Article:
Protocol for Conducting a Middle-Level Education Needs Assessment Based Upon:
The New York State Board of Regents’ Policy Statement on Middle-Level Education and The New York State Education Department’s Essential Elements of Standards-Focused Middle-Level Schools and Programs
Introduction and Background: The Board of Regents, State Education Department personnel and middle-level educators around the state have been revising the goals and programs offered at the middle-level. Since it is understood that this is a critical time in the academic, social, and psychological development, new policies and regulations were put in place to recognize, support and strengthen the middle-level program to ensure that this critical transition would be made successfully by all students.
In 2003, the Board of Regents adopted a research-based Policy Statement on Middle-Level Education that details what should be happening in middle-level schools. To provide additional information and expand the policy statement, the Essential Elements of Standards-Focused Middle-Level Schools and Programs was then created. Lastly, in 2005, the Board of Regents adopted new regulations (100.3, 100.4, and 80-5.12) to clearly establish criteria for middle-level program models around the state.
These new regulations will form the parameters for the construct of middle-level education programs for decades to come. Therefore, it is critical that all middle-level educators not only become familiar with them. In addition, they must ensure that any programs in their buildings are consistent with the letter and spirit of the new middle-level education policy, the State Education Department’s Essential Elements of Standards-Focused Middle-Level Schools and Programs, New York State’s 28 Learning Standards, and other existing regulations and are implemented with fidelity. It is hoped that this protocol will serve as a consistent statewide format to provide this valuable information to all members of the educational community.
Intended Use (Purpose): The intended purpose of this protocol is to provide district leaders with a systematic way to gather relevant information and data regarding the current status of their middle school with respect to the Essential Elements. It provides them with a way to establish goals for continued growth and improvement. By using the Essential Elements of Standards-Focused Middle-Level Schools and Programs as a starting point, districts will be able to identify those aspects of an effective middle school that need support and those areas that are evident but need continual growth.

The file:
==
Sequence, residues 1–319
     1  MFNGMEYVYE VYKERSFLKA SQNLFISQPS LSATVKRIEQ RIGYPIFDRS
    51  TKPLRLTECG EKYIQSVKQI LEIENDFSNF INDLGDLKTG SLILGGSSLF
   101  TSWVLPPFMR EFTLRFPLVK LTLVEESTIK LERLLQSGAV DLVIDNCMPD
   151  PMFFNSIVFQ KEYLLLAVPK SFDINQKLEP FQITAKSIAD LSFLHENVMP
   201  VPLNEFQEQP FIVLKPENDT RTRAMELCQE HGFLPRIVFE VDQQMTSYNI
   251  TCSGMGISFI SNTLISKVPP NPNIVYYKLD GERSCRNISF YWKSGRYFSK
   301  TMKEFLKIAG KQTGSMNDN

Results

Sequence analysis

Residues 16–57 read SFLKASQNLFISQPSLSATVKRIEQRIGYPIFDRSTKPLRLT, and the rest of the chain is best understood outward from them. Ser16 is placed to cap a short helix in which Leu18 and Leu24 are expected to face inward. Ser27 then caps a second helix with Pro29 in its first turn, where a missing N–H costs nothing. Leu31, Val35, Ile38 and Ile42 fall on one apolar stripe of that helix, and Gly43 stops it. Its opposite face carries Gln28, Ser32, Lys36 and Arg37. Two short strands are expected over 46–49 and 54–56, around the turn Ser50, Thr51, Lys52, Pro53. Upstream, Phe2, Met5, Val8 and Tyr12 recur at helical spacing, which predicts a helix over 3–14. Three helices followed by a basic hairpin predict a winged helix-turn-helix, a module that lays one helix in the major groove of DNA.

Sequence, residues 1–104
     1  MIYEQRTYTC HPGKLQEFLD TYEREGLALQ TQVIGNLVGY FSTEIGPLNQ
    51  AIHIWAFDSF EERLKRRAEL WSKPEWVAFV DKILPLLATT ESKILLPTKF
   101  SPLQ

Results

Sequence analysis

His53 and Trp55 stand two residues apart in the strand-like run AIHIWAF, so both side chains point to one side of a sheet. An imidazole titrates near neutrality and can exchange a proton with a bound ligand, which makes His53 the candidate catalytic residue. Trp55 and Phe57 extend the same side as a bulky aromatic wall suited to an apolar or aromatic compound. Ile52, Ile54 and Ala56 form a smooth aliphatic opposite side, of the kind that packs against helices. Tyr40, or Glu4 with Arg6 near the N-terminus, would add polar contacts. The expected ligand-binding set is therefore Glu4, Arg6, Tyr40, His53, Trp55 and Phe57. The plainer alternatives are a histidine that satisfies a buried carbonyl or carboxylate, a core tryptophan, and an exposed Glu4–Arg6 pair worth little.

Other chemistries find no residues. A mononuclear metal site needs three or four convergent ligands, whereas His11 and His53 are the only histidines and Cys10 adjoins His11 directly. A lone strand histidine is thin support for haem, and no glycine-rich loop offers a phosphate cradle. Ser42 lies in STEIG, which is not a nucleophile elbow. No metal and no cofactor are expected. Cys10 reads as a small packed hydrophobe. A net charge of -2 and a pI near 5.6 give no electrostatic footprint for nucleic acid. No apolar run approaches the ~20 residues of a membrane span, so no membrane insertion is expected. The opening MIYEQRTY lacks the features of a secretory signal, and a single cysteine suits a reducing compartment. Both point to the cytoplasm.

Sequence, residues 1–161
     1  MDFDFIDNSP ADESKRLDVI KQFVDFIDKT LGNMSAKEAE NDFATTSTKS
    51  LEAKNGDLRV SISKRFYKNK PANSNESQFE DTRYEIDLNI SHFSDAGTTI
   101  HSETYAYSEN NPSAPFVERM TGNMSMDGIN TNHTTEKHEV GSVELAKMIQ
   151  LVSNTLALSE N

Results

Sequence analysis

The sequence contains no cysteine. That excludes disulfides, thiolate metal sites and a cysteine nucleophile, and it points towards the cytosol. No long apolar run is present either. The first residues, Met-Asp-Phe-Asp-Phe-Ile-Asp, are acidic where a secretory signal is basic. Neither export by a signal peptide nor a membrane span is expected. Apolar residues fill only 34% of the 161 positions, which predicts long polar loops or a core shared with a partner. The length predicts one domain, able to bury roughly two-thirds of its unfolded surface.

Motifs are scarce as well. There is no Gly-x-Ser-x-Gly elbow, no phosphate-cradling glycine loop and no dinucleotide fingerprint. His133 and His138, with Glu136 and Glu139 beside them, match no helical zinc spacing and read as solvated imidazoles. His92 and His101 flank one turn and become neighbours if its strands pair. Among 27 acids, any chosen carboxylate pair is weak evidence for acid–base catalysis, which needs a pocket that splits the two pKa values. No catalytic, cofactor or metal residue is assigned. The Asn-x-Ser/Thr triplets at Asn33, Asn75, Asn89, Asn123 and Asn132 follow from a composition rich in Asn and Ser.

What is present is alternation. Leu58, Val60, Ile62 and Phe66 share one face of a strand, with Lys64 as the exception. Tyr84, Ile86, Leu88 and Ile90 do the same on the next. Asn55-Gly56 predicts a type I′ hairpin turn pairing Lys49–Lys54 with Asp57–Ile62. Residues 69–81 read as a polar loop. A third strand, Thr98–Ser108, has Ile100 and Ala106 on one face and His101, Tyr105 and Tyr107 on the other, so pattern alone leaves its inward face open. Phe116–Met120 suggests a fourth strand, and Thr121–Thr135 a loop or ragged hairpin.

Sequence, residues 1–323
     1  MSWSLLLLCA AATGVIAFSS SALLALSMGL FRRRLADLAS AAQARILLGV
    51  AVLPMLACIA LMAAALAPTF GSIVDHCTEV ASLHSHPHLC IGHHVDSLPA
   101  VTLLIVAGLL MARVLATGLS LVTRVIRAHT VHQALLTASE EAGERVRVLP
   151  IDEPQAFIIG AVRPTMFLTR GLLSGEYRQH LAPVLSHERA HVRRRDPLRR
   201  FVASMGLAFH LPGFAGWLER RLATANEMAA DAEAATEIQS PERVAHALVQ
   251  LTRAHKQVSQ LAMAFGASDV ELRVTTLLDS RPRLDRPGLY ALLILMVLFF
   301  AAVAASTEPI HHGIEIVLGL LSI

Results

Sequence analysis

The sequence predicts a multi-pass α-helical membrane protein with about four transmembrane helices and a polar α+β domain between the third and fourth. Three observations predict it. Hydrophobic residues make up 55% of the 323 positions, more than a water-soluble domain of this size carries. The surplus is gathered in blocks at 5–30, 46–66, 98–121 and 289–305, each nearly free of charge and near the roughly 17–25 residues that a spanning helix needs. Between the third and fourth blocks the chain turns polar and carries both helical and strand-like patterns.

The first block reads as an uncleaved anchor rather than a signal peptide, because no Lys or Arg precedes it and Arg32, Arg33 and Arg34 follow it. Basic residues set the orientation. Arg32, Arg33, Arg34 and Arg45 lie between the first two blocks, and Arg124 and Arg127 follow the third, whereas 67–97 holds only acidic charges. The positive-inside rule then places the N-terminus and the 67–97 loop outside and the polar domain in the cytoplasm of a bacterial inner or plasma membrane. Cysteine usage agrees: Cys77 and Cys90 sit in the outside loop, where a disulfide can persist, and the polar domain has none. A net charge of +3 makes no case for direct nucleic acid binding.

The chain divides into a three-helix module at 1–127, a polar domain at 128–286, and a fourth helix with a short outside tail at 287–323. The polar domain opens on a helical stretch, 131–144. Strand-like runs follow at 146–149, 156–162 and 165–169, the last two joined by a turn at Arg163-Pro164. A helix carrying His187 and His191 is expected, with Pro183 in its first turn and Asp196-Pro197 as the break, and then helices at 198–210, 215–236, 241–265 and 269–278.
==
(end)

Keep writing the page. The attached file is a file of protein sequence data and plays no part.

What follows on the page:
Assessing strengths and identifying gaps in a school system cannot be accomplished through a "one shot" session. School improvement must be an ongoing process. Initially, a full day presentation during a Superintendent’s Conference day or professional development day is needed to provide background logic and information for all staff members. This allows everyone to see the process from a similar frame of reference. Faculty meetings, team meetings and/or grade level meetings will provide a regular forum to continue analysis and discussions for meeting and adjusting the process. With improved understanding and common perspective, the staff will work in a framework of collaboration for the benefit of all involved.
Assumptions (Readiness Pre-Conditions): This protocol is predicated on the following three assumptions:
- Staff are willing to do what is necessary to improve their school and have stated so publicly.
- Staff are familiar with – and committed to implementing – the Regents Policy Statement on Middle-Level Education and the State Education Department’s Essential Elements of Standards-Focused Middle-Level Schools and Programs.
- The Central Office is willing to take an active role in supporting the school staff in their efforts to implement – the Regents Policy Statement on Middle-Level Education and the State Education Department’s Essential Elements of Standards-Focused Middle-Level Schools and Programs.
To the Facilitator: If staff are not familiar with either the Regents Policy Statement on Middle Level Education or the Essential Elements of Standards-Focused Middle Level Schools and Programs, the protocol for introducing staff to the Essential Elements (the Awareness Protocol) should be the first step.
Continuous improvement is a prerequisite to being part of an effective school community. As with other professions, one is always seeking to improve. The Essential Elements identify the basic premise for successful middle-level schools in New York State. Creating and using a needs assessment incorporating the Essential Elements ensures a common understanding and terminology. This allows the building/community to focus on the practical applications of the Essential Elements.
The building staff and students will benefit from using this protocol. Problems will be more clearly identified and the staff will identify resources that will be needed to address issues and create a meaningful school improvement plan (see protocol).